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These Two New York City Art Exhibitions Will Help Chase Away the Winter Doldrums

Winter can make anyone’s day dull and drab, but art can lift it. Particularly when it’s as adorable or vibrant as Beatrix Potter and Sonia Delaunay’s works.

New York City has many smaller boutique-like museums, and two of these cultural institutions have visitor-worthy exhibits, both of which opened on the same day this month: The Morgan Library & Museum and Bard Graduate Center.

Beatrix Potter
Beatrix Potter’s Mrs. Rabbit pouring tea. Image ©Victoria & Albert Museum.

A crowd pleaser for all ages is “Beatrix Potter: Dream to Nature”, on view through June 9, 2024, at The Morgan Library & Museum, which we visited the day before it opened to the public. Nothing will prepare the visitor for the endearing charm, and Ms. Potter’s (1866-1943) remarkable talent for painting, than standing face to face with her original watercolors of Peter Rabbit, Mrs. Tiggy-Winkle, Jeremiah Fisher, and her cast of dozens of friendly animals. Words can’t describe the delight of seeing these much-loved creatures, impersonating human beings, which graced the pages of her small books in various studies of their personalities in her original sketches.

Beatrix Potter's Mrs. Rabbit going for shopping
Beatrix Potter’s Mrs. Rabbit going for shopping. Image ©Victoria & Albert Museum.

The exhibit ties together Ms. Potter’s artworks, Christmas cards, board games, toys, books, manuscripts and some artifacts from her life, and highlights of her extraordinary talent of capturing scientific observation—botany–and imaginative storytelling. She advocated strongly about getting children interested in reading and her initial manuscript for Peter Rabbit was rejected by several publishing houses.

Beatrix Potter's paint box.
Beatrix Potter’s paint box.

In the exhibit, visitors can discover her childhood, then her interest in the natural sciences leading to her accidental journey into becoming a best-selling author, and finally, her later life in the Lake District of England and her extraordinary legacy, the four thousand acres she bequeathed to UK’s National Trust, and her foray into sheep breeding. The Victoria and Albert Museum is a partner in this exhibition and it’s a must see for anyone who grew up reading Beatrix Potter’s books and has started to read them to their children and grandchildren. There’s also a companion hardcover book of the exhibition that brings together all of her talents and her legacy.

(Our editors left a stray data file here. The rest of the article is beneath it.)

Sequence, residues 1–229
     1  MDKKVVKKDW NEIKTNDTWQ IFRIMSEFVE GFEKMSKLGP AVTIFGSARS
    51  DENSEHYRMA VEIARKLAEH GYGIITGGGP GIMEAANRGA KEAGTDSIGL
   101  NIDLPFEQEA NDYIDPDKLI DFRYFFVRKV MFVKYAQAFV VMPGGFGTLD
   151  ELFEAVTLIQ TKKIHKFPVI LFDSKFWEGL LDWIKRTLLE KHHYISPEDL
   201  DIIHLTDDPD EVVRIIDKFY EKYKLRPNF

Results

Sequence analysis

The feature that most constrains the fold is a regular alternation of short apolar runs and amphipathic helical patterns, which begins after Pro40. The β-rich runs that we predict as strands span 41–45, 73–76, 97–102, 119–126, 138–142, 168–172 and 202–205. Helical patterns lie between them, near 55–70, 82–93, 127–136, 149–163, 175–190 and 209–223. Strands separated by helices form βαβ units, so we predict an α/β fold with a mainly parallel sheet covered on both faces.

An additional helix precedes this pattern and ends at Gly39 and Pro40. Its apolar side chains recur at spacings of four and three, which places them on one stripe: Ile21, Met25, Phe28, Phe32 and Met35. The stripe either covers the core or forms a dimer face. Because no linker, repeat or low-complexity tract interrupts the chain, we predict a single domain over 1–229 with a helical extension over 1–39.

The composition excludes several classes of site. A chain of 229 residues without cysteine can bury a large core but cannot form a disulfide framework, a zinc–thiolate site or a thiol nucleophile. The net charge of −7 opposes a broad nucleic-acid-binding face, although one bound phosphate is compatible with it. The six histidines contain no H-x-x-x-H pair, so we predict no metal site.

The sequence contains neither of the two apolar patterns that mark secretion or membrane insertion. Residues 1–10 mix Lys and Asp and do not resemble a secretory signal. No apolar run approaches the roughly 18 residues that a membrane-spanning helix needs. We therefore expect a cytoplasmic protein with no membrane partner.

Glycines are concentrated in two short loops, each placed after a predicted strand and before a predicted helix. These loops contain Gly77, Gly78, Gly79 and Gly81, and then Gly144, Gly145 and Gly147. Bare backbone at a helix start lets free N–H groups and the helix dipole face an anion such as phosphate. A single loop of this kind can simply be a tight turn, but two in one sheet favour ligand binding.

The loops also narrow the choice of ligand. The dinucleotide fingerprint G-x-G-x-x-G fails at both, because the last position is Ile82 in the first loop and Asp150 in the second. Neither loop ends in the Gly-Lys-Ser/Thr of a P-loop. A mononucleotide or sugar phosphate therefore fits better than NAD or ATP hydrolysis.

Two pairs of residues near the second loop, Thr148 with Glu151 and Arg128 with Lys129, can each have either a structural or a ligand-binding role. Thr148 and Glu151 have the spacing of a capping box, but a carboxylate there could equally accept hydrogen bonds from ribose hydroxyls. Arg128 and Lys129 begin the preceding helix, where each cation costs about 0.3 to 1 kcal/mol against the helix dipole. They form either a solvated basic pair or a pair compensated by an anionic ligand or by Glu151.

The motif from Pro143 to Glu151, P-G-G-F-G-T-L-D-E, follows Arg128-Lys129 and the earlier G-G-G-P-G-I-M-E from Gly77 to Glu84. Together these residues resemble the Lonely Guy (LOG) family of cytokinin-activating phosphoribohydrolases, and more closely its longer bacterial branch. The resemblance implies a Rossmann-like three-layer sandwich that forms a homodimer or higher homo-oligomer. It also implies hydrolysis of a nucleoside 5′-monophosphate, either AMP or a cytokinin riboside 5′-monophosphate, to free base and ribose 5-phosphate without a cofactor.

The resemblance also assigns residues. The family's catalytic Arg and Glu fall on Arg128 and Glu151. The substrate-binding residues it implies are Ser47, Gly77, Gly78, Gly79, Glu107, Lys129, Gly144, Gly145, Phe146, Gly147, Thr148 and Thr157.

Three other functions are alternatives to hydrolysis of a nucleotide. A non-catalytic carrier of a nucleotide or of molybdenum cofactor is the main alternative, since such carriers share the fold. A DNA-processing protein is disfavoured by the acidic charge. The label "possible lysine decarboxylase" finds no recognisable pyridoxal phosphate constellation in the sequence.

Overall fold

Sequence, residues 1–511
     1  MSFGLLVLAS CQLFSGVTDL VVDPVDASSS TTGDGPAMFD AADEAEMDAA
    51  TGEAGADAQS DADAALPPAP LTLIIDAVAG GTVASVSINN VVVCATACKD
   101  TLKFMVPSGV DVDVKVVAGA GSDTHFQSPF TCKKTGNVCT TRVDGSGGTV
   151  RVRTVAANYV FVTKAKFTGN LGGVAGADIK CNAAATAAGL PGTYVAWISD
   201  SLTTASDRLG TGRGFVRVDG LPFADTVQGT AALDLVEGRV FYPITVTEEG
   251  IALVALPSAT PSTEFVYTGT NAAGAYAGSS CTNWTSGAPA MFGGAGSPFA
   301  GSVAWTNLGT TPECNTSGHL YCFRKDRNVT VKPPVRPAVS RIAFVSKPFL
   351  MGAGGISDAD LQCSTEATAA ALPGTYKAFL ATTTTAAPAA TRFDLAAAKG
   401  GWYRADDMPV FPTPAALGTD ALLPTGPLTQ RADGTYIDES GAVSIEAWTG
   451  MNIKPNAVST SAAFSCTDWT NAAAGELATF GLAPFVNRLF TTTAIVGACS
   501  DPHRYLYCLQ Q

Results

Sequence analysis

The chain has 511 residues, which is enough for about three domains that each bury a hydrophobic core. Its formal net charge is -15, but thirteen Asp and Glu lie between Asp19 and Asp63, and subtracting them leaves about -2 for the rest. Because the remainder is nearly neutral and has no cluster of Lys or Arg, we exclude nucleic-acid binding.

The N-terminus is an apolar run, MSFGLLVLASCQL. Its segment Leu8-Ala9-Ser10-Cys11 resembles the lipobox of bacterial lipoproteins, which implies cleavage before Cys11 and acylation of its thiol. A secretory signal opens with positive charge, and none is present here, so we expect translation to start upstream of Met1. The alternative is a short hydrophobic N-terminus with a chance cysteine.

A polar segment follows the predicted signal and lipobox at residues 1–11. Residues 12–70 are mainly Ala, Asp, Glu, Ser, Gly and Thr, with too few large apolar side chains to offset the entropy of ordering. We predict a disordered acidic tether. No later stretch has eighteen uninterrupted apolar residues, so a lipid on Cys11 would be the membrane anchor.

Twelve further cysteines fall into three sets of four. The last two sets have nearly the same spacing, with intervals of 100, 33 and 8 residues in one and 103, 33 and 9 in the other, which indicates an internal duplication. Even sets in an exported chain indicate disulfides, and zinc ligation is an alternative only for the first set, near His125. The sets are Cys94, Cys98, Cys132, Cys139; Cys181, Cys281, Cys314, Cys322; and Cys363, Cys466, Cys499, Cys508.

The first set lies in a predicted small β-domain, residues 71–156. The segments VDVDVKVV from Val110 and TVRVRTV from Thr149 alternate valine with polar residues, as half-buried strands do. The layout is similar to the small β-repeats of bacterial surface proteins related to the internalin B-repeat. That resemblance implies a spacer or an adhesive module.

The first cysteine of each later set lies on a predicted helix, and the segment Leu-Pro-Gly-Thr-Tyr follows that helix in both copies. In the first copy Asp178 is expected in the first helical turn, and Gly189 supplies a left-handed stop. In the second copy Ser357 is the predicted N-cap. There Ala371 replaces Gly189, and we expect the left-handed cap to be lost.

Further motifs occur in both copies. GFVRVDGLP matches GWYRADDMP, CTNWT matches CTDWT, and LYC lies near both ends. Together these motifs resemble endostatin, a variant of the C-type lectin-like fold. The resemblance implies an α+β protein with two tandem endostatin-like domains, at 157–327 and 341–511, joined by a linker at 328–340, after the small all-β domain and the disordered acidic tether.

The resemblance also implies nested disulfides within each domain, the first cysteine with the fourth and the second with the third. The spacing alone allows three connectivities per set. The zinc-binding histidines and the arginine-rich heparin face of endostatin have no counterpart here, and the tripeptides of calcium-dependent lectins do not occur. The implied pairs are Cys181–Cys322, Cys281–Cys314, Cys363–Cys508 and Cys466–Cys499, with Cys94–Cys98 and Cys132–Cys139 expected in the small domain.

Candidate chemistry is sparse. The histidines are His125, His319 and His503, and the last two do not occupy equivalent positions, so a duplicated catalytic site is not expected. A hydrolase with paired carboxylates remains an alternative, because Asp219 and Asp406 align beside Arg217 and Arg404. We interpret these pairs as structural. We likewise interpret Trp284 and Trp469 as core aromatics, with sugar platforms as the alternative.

A Sonia Delaunay artwork.
A Sonia Delaunay artwork.

On the other spectrum is Sonia Delaunay (1885–1979), one of the most influential female artists of the 20th century, who was married to painter Robert Delaunay. They co-founded the Orphism art movement, noted for its use of strong colors and geometric shapes—abstract art. Her kaleidoscopic body of work focused on the primacy of color and a synthesis of the arts.

Painter, artisan, and designer, she embraced modernity and harnessed the creative power of collaboration in the realms of fashion, textiles, interiors, books, mosaics, and tapestries. Living Art – on view at Bard Graduate Center until July 7, 2024 – comprises almost 200 objects and reflects Ms. Delaunay’s colorful output through all periods of her career, from the early Parisian avant-garde of the 1910s to the spirited 1970s.

Sonia Delaunay's Solor Prism 1914 - at National Gallery of Art, Washington D.C.
Sonia Delaunay’s Solor Prism 1914 – at National Gallery of Art, Washington D.C.

Many of the works have never been seen before by the public in the US, and include rare couture garments from the 1920s, furniture and a tapestry from the 1970s commissioned by the French Government. Her works showcase the masterful use of color across many mediums – from playing cards to furniture to fashion. She was a valiant self-promoter and there’s even a film she produced that offers a glimpse into her world of living art. She referred to herself as pursuing “Simultanism”, creative expression through color and breaking down barriers as a female artist in the fine and decorative arts.

A Sonia Delaunay dress & capelet made for Annette Coutrot in 1929.
A Sonia Delaunay dress & capelet made for Annette Coutrot in 1929.

Both these exhibits bring much joy as we approach the new season of spring!

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